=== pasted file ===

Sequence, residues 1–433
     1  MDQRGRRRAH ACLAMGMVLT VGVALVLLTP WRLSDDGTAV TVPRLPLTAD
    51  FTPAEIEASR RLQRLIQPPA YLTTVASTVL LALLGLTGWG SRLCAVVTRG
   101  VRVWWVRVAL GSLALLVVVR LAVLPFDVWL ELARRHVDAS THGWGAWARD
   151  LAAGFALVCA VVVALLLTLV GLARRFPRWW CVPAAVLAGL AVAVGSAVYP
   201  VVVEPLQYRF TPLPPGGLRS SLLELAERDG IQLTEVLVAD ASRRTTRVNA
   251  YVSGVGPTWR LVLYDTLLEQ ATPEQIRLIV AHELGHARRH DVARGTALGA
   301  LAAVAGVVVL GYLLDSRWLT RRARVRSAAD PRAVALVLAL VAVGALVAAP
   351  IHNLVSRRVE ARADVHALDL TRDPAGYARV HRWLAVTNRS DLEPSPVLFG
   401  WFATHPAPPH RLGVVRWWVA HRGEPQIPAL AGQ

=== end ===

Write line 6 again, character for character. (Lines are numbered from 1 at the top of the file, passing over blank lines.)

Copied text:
   201  VVVEPLQYRF TPLPPGGLRS SLLELAERDG IQLTEVLVAD ASRRTTRVNA